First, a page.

Nordic skiing has origins that go back to the 1700s and Scandinavia. The sport has three integral components: cross-country skiing, ski jumping, and Nordic combined. The latter is a synthesis with portions of ski jumping and cross-country. Cross-country races range from fifteen to fifty kilometers and may be individual or relay team competitions. With ski jumping, the competitions take place on a seventy- or ninety-meter hill.
The concluding years of World War II led to a potent grassroots movement for growth in U.S. skiing. According to E. M. Swift, the U.S. Army needed to find both local and able volunteers to support the development of a U.S. Mountain Division. Many expert skiers from the National Ski Association eventually saw action in 1945 in the Italian Alps. "After the war many members of the 10th Mountain Division moved back to Colorado where they helped boost a fledgling recreational ski industry" (Swift, p. 50).
Nordic skiing has been typified by its constantly changing landscape. For example, at the 1924 Olympics, only men competed, and the four events were eighteen-kilometer cross-country skiing, fifty-kilometer cross-country skiing, ski jumping, and Nordic combined. At the 1994 Lillehammer Olympics, the picture of Nordic skiing was an eclectic mosaic: a coeducational athletic canvas that included five- and ten-kilometer races (classical), combined pursuit (essentially a timed cross-country race), thirty-kilometer (classical and freestyle), 4 x 5 and 4 x 10 kilometer relay, ski jump (normal hill, individual), ski jump (large hill, individual), ski jump (large hill, team), Nordic combined (individual), and Nordic combined (team).
The Chamonix International Winter sports week of 1924 is generally recognized as the first Winter Olympics. In the Nordic skiing category there were four events; Norway won eleven of the thirteen medals awarded. The United States saw their representative, Anders Haugen, win a bronze medal in the ski-jumping competition. Olympic raconteur David Wallechinsky recounts how in 1974 Toralf Stromstad, the silver medalist in the 1924 Nordic combined, found a mistake in the original scores. As a result, the thirty-six-year-old Norwegian-born Haugen, who had paid his own way to the Olympics, was moved up to third place. The International Olympic Committee honored Haugen at a special medal ceremony in Oslo. Four years later, at St. Moritz, the United Stateshad no medalists. In 1932, the Winter Olympics were hosted at Lake Placid, New York, a regional vacation resort in the Adirondacks. In terms of U.S. Nordic skiing, the competition was a medal drought.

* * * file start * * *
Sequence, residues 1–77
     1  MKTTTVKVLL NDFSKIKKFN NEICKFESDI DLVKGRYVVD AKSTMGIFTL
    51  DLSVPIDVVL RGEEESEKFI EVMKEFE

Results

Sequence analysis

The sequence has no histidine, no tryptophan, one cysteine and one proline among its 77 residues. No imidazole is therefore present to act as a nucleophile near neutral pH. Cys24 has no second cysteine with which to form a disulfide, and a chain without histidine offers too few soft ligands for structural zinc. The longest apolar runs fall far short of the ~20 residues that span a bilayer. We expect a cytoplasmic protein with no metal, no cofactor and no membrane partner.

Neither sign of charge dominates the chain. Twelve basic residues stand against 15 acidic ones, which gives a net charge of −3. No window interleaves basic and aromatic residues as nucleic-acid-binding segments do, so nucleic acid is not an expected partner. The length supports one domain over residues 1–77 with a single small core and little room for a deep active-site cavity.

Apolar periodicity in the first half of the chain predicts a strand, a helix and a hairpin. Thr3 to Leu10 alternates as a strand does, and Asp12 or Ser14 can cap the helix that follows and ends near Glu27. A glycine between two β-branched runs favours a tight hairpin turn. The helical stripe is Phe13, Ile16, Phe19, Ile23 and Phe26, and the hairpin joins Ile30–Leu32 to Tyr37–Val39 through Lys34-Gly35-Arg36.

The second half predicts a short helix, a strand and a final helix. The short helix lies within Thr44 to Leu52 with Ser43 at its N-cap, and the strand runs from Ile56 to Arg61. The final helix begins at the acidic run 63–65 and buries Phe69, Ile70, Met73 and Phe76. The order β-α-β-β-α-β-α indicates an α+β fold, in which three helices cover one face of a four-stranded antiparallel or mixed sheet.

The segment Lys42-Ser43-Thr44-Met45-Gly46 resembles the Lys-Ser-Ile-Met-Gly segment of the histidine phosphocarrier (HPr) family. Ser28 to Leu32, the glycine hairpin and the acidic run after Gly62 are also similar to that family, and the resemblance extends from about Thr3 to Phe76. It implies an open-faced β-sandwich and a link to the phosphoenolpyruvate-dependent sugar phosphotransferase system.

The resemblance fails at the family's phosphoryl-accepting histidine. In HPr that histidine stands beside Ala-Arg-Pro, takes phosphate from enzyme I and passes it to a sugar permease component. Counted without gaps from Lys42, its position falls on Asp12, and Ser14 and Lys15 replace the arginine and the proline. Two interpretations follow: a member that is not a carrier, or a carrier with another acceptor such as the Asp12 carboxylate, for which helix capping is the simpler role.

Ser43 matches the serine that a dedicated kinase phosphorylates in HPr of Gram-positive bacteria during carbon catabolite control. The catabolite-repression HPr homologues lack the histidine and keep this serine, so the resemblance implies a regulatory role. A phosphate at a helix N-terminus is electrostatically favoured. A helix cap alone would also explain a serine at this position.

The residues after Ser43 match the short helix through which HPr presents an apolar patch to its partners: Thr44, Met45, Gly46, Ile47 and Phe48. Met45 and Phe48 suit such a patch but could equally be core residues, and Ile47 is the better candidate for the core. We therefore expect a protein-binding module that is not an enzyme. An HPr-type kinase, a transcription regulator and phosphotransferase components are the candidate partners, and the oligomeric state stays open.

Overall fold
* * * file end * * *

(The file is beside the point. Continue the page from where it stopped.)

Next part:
An American absence of success was repeated at Garmish-Partenkirchen (1936), St. Moritz (1948), Oslo (1952), Cortina d'Ampezzo (1956), Squaw Valley (1960), Innsbruck (1964), Grenoble (1968), Sapporo (1972), Lake Placid (1980), Sarajevo (1984), Calgary (1988), Albertville (1992), and Lillehammer (1994). One exception, and an exceptional performance indeed, was that by American Bill Koch at Innsbruck in 1976. The native of Guilford, Vermont, became the only American to win an Olympic Nordic skiing medal. He tenaciously fought Serge Saralyev of the Soviet Union and after one and a half hours of frantic activity, during which time the athletes had to battle incredible muscular fatigue compounded with the buildup of lactic acid, Koch crossed the finish line in second place. David Wallechinsky underscores the Cinderella status of Nordic skiing with the pointed comment that at the thirty-kilometer post-race press conference, not one American reporter was present.
Quite simply, Nordic skiing, within the United States, has always been a minor, indeed a marginalized, group of athletic activities. While huge advances have been made within American winter sports in areas such as alpine skiing and speed skating, the same has not been the case with Nordic skiing. Special note should be made, however, of certain American competitors who, despite not receiving medals, were skiing pioneers willing to train ferociously and take on rivals for whom Nordic skiing was their country's premier cultural activity. Examples of this come from performers such as the members of the men's 4 x 10 kilometer relay at the 1976 Olympics (sixth place); Casper Oimoen in the large hill individual ski jump at the 1932 Olympics (fifth); Gordon Wren in the same event—and a similar placing—at the 1948 Olympics, and finally Jeffrey Hasting (same event), who, at the 1984 Olympics, missed a bronze medal by only 1.7 points. In women's Nordic skiing, in the 4 x 5 kilometer relay, America produced Olympic squads in 1980, 1984, and 1988 that had creditable seventh, seventh, and eighth places, respectively, in the Olympic finals.
The Contemporary Scene